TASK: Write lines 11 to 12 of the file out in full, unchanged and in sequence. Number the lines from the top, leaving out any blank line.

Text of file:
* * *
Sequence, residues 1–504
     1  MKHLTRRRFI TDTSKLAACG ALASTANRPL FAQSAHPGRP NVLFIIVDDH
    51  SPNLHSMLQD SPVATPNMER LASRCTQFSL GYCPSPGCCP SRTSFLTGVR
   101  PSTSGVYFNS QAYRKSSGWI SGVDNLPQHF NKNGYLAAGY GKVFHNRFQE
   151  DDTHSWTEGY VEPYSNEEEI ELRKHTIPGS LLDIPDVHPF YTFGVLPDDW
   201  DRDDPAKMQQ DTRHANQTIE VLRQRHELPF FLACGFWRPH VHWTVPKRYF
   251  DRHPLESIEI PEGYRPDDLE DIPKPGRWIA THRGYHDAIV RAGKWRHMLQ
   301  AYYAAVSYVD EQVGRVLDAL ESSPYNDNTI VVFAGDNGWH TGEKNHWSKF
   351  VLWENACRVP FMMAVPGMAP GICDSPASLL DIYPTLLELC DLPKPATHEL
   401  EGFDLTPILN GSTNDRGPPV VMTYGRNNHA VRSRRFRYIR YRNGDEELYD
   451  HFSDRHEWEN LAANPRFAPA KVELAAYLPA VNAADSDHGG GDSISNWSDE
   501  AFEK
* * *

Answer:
   451  HFSDRHEWEN LAANPRFAPA KVELAAYLPA VNAADSDHGG GDSISNWSDE
   501  AFEK